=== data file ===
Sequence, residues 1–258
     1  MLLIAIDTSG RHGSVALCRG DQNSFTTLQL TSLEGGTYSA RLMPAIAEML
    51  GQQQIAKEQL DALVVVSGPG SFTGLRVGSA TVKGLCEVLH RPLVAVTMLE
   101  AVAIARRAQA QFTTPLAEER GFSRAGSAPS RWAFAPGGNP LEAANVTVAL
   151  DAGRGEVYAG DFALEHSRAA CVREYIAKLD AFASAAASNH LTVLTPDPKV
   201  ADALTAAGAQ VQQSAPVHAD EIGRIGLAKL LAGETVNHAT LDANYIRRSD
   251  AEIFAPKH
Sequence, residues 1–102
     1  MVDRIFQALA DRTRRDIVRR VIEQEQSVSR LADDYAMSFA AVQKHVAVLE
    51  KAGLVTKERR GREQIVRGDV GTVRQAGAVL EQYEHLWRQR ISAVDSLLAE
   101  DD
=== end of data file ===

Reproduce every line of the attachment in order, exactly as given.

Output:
Sequence, residues 1–258
     1  MLLIAIDTSG RHGSVALCRG DQNSFTTLQL TSLEGGTYSA RLMPAIAEML
    51  GQQQIAKEQL DALVVVSGPG SFTGLRVGSA TVKGLCEVLH RPLVAVTMLE
   101  AVAIARRAQA QFTTPLAEER GFSRAGSAPS RWAFAPGGNP LEAANVTVAL
   151  DAGRGEVYAG DFALEHSRAA CVREYIAKLD AFASAAASNH LTVLTPDPKV
   201  ADALTAAGAQ VQQSAPVHAD EIGRIGLAKL LAGETVNHAT LDANYIRRSD
   251  AEIFAPKH
Sequence, residues 1–102
     1  MVDRIFQALA DRTRRDIVRR VIEQEQSVSR LADDYAMSFA AVQKHVAVLE
    51  KAGLVTKERR GREQIVRGDV GTVRQAGAVL EQYEHLWRQR ISAVDSLLAE
   101  DD